Small Businesses: What the $2 Trillion Stimulus Package Means to You

As we navigate through these uncharted waters of the COVID-19 pandemic, we are working to provide you details, policies, and procedures, to help you stay afloat and focused on your small business. Recent legislation passed on the CARES ACT has left many companies overwhelmed and unsure of where to even start. Today, we kicked off our 30:Minute Webinar series with guest presenter Holly Snow, a partner in the corporate law practice of Paul Hastings to discuss what the recently passed stimulus package means to you.

Holly reviewed at a high level some of the programs in place to help. Below is an overview.


For eligible companies, these loans may provide an attractive source of additional liquidity to pay certain expenses. 

  • The loan size ranges up to $10,000,000 (with the maximum amount for a company being based on a formula related to payroll).
  • Intended to be very attractive terms, e.g.,  low interest, no fees, unsecured, no pre-payment penalties, guaranteed by the government, no payments required for at least six months 
  • In certain circumstances, forgivable without cancellation of debt income (subject to constraints regarding avoiding headcount and salary reductions).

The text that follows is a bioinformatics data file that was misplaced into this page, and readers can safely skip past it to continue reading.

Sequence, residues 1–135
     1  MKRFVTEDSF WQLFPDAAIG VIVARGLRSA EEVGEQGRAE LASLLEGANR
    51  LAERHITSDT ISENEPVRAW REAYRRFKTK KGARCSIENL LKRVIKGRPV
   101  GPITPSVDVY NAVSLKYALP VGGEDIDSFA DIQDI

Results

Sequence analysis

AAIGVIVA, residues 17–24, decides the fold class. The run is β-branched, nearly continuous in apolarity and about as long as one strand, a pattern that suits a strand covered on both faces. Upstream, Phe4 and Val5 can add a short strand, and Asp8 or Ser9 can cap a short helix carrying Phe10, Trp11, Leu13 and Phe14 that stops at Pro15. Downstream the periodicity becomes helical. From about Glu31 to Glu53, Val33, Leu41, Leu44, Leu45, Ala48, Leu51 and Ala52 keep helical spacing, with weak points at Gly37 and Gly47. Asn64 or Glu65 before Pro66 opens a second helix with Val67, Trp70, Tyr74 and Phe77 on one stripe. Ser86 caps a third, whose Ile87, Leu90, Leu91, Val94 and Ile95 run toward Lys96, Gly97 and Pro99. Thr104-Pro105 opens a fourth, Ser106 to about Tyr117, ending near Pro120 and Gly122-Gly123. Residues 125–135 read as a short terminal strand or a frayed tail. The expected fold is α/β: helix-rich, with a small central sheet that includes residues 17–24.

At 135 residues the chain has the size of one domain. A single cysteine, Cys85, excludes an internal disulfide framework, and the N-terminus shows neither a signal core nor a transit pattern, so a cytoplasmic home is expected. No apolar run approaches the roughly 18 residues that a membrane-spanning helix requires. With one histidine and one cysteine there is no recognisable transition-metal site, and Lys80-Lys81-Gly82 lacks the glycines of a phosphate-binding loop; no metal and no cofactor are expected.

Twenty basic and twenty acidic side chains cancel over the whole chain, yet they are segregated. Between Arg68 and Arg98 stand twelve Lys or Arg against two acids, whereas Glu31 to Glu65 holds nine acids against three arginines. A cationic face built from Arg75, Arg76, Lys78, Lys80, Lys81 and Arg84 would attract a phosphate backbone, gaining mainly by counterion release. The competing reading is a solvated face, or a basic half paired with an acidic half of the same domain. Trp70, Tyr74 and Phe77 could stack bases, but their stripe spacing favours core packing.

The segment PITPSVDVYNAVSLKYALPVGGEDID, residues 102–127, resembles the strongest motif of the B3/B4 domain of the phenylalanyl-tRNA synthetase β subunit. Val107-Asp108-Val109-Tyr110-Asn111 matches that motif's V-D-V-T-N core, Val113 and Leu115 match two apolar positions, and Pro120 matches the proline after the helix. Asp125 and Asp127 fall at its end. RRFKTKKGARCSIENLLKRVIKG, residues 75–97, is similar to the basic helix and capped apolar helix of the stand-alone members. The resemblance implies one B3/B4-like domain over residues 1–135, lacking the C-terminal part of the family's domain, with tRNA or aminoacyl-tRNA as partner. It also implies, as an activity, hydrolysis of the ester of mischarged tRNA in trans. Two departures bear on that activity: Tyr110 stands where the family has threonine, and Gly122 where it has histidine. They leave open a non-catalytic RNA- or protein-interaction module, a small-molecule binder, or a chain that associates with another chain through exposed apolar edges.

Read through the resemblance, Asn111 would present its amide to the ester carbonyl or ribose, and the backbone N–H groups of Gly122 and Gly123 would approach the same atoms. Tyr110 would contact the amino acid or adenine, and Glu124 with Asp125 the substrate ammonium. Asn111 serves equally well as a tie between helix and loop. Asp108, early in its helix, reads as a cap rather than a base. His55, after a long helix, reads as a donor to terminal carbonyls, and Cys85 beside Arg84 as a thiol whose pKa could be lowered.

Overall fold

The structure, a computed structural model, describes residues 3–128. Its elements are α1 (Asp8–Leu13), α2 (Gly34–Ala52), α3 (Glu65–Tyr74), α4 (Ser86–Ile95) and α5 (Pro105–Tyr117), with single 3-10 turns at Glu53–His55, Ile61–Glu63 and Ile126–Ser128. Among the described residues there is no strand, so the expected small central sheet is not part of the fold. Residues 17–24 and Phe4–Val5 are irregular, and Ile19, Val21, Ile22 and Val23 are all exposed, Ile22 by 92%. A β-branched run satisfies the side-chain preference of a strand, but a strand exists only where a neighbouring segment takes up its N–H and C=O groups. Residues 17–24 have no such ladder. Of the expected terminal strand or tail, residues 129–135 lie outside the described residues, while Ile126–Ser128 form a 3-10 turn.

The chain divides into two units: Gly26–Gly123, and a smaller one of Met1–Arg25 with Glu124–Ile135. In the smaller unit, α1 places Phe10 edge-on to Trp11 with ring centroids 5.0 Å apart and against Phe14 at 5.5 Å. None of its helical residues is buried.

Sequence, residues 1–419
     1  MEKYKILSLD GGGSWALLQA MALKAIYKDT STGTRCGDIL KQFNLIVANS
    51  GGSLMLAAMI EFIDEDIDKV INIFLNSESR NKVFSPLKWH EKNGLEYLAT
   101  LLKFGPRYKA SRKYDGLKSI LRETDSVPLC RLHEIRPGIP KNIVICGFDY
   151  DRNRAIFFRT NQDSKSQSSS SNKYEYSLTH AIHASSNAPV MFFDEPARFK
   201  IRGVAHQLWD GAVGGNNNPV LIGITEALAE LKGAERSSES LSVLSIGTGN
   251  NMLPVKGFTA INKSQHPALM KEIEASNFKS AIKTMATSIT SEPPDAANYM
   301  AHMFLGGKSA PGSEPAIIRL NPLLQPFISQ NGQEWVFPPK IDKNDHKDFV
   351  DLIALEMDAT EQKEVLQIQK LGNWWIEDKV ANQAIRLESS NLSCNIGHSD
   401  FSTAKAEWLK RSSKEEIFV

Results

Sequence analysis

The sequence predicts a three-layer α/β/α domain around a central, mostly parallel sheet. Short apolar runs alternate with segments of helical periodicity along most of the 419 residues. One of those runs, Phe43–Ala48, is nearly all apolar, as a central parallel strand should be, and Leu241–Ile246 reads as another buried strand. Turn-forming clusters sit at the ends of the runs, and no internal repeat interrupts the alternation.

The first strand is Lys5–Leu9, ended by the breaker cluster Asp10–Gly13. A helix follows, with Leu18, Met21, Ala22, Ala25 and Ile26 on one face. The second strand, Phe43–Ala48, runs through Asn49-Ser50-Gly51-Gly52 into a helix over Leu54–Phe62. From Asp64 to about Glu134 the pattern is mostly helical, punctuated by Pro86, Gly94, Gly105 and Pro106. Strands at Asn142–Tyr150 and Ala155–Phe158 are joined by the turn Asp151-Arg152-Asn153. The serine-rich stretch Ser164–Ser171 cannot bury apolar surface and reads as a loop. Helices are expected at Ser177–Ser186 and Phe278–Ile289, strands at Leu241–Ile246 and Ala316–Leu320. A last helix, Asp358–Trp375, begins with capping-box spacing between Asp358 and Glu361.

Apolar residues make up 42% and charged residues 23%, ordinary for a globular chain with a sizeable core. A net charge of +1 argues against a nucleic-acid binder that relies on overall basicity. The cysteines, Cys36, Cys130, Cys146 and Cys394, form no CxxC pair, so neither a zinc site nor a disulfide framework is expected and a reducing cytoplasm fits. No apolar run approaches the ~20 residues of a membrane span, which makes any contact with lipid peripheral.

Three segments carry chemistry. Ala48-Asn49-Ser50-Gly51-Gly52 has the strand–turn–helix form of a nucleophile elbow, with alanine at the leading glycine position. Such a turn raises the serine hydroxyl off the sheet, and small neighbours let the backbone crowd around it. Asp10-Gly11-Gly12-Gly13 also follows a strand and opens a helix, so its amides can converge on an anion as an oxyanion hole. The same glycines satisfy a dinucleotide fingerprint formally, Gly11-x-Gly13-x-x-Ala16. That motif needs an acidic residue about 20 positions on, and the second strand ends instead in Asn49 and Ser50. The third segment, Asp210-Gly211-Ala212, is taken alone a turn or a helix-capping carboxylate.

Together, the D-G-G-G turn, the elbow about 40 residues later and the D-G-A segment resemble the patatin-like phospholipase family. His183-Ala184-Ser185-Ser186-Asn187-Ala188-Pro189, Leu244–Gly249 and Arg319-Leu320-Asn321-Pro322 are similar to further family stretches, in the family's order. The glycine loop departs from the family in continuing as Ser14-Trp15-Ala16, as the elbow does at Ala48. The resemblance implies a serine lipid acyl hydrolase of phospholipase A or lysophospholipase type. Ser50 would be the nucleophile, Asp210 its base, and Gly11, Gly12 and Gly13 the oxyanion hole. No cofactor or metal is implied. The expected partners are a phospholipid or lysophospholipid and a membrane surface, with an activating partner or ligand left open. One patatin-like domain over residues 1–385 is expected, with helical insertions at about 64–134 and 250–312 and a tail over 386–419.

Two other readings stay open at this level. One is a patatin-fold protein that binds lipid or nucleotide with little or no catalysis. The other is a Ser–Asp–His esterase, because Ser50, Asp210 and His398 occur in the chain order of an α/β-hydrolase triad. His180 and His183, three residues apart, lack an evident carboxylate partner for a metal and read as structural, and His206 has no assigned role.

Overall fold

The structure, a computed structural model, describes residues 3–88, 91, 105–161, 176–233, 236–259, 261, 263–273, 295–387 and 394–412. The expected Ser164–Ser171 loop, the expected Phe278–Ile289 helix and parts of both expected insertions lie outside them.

In addition, here is an updated list of items to provide:

  • Certificate of Formation/Incorporation
  • Limited Liability Company Agreement/Operating Agreement/Bylaws
  • Certificate of Good Standing
  • Organizational Chart and list of any affiliates
  • Most recent tax returns (recommend to bring prior 3 years, if available)
  • Employee/Payroll information
  • Month to month full-time employee from 1/1/19 to current
  • Descriptions of layoffs, furloughs, and terminations since 2/15/20
  • Monthly payroll information from 1/1/19 to current for all FT, PT or other employees
  • The total amount of salary, wages, commissions, tips, or other compensation (excluding compensation in excess of $100,000 annually for any individual employee, as prorated for the covered period and compensation for any employee whose principal place of residence is outside of the U.S.);
  • Payments for vacation, parental, family, medical or sick leave (excluding qualified sick leave wages for which a credit is allowed under section 7001 of the Families First Coronavirus Response Act (the “FFCRA”) and qualified family leave wages for which a credit is allowed under section 7003 of the FFCRA);
  • Allowances for dismissal or separation;
  • Payments required for the provisions of group health care benefits, including insurance premiums;
  • Payments of any retirement benefit;
  • Payment of state or local tax assessed on the compensation of employees (excluding taxes imposed or withheld under chapters 21, 22, or 24 of the Code during the covered period); and
    • State income, payroll, and unemployment insurance filings


For eligible companies in areas affected by a disaster – including a pandemic – that have suffered substantial economic injury as a result of the pandemic, these loans may provide additional liquidity to pay certain expenses